Interview of Sorts: Club Thrifty’s How I Got the Job at Get Rich Slowly

First off a big thank you to Holly at Club Thrifty for taking time out of her busy schedule to share a little about herself and answer all of my crazy questions about the first personal finance blog I ever read over at Get Rich Slowly.  I hope you all enjoy it.

Can you share a little bit about who you are, just pretend we had that weird introduction at a party and you are supposed to tell a perfect stranger who you are and what you do, except the difference is we care.

I’m Holly Johnson, a 35-year-old wife and mother from Central Indiana.  I write a frugality blog, Club Thrifty, and create content for many other publications, both online and in print.

So now that you told us a little about yourself, tell us how you kicked J.D. Roth to the curb and became one of the writers at Get Rich Slowly(GRS)?  Ok hold that thought, I have 101 other questions first.

That’s funny. J.D. Roth was already moving onto other things when I started writing for Get Rich Slowly. It seems that his interests evolved over time and he just wanted to do something else.  He still writes for Get Rich Slowly from time to time, although he hasn’t
for a while.

I have so many questions.  Why you?  Was there a test like astronauts with holding your breath under water?  Did they see one your blog and start off in a karaoke version of Ludacris “This chicks bad”?  Was it a real interview, like walk into an office, wear a nice suit and bring your portfolio with your resume?

Is this a serious question?  Why not me?  Am I not awesome or what?

I sent them a ton of guest posts and they kept publishing them.  Then one day, I simply said that I was available if they wanted to hire me.  And they were like, “okay.”  Seriously.  That’s all that happened.

What do you think made the difference in being selected over the next applicant?

Ellen Cannon, who no longer works for Quinstreet, seemed to like me. I am also extremely reliable, which is a huge deal to big companies like Quinstreet. A lot of people can write, but not everyone can meet deadlines consistently. Not everyone returns emails promptly or stays on task all the time. There is a huge difference between cranking out blog posts periodically and writing on a professional level.  They knew I could get the job done.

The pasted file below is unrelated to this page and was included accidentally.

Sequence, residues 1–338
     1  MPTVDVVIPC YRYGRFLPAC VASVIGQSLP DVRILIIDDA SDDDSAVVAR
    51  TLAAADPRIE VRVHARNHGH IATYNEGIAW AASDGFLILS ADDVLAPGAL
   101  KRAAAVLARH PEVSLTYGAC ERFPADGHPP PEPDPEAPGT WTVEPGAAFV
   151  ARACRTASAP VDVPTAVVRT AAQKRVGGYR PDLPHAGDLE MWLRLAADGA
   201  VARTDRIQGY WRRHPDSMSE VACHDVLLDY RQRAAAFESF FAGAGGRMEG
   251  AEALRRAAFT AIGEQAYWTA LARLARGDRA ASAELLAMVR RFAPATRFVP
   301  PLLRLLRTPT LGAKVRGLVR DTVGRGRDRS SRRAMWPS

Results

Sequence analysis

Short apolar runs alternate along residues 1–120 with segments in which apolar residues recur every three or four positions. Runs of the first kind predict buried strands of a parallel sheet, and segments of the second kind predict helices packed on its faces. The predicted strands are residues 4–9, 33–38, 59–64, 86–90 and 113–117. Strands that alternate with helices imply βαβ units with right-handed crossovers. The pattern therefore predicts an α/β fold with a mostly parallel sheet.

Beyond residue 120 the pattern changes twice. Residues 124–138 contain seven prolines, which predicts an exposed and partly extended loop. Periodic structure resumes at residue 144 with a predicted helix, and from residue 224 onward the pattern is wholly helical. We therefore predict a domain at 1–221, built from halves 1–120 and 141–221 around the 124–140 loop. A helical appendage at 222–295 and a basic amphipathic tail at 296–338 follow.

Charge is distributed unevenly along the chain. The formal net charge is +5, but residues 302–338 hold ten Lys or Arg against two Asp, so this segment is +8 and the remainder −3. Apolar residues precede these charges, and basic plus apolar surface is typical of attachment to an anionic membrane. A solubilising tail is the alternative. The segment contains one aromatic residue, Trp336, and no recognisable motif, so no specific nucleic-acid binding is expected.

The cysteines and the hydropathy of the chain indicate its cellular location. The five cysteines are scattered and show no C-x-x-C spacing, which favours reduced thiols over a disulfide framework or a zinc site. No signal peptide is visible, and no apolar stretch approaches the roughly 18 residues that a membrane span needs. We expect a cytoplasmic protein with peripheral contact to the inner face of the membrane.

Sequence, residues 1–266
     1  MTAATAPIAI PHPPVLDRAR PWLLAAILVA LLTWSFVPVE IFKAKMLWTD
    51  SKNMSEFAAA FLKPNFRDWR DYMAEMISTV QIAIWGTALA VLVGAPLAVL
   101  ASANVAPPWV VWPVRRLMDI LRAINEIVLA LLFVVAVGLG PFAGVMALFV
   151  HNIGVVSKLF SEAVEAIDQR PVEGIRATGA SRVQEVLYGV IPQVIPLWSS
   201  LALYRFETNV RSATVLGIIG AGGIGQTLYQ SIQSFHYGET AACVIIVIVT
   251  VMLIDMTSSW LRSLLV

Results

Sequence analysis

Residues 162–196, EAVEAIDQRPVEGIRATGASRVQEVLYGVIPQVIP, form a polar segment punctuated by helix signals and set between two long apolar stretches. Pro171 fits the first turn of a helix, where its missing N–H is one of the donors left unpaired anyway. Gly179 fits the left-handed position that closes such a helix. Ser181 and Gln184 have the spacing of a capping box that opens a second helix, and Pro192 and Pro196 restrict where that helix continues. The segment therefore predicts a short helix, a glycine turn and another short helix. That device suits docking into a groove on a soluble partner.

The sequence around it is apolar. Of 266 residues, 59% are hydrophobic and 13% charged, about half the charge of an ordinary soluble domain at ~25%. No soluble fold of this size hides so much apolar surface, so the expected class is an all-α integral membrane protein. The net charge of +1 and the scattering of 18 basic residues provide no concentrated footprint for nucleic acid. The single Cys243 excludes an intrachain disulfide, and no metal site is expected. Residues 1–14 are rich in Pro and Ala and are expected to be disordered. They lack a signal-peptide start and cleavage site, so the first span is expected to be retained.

Is everything done online and via email with Get Rich Slowly or do meet up with other writers or editors?  Do you have a Christmas party and everyone gets together and talks about how much their Christmas bonus is going to be or if they are getting a ham from the company?

Maybe you aren’t aware, but I have a ton of big name clients other than Get Rich Slowly.  To answer your question, I never meet any of them.  On a rare occasion, I will hop onto a phone call with someone or Skype.  That is extremely rare.  No Christmas party, but I do get a nice card every year.

Speaking of money, how much do you get paid?  Wait I can’t ask you that, but I mean how do you get paid?  Is it by word or writing assignment or is it a fixed salary?  Do you get a contract like an NFL player, you know guaranteed 3 million just for signing the deal?  Stock options?  Is there a bonus structure in place for a post doing well?

Quinstreet pays per word.  I write for a lot of their sites and generally get paid between .20 and .55 per word depending on the assignment.  I have both recurring assignments and random assignments.  For example, I have some work due every other week, like my Get Rich Slowly piece.  I also do a lot of random writing as needed.  All of my other clients pay by the piece no matter how long or short it is.  I don’t mind either strategy as long as I am getting paid what I deserve.

Where do you see Get Rich Slowly 5 years from now, I’m curious about how you see the future of blogs and podcasts as I see more businesses get into the blogging world, like QuinStreet who bought GRS.

I hope to be doing exactly what I’m doing now, although I hope my website grows more in the meantime.  My hope is to earn enough in the next two years to convince my husband to quit his job.  I could really use his help and his 9-5 job isn’t worth it to me now that I am earning considerably more.

What has working for GRS done for your career in writing?

I honestly don’t know.  Like I said, I have other high profile clients.  I think any high profile job is a good one as long as you are taking it seriously and putting your name out there.

While I’m familiar with you, please tell everyone where they can find you and if you any projects or anything fun coming up that you want to share.

I am the author and founder of Club Thrifty, a frugality site where I share my views on personal finance and my quest to live life to the fullest.  I also write for Get Rich Slowly, Frugal Travel Guy, The Simple Dollar, U.S. News and World Report Travel, and U.S. News and World Report Money, and run a handful of successful online ventures.

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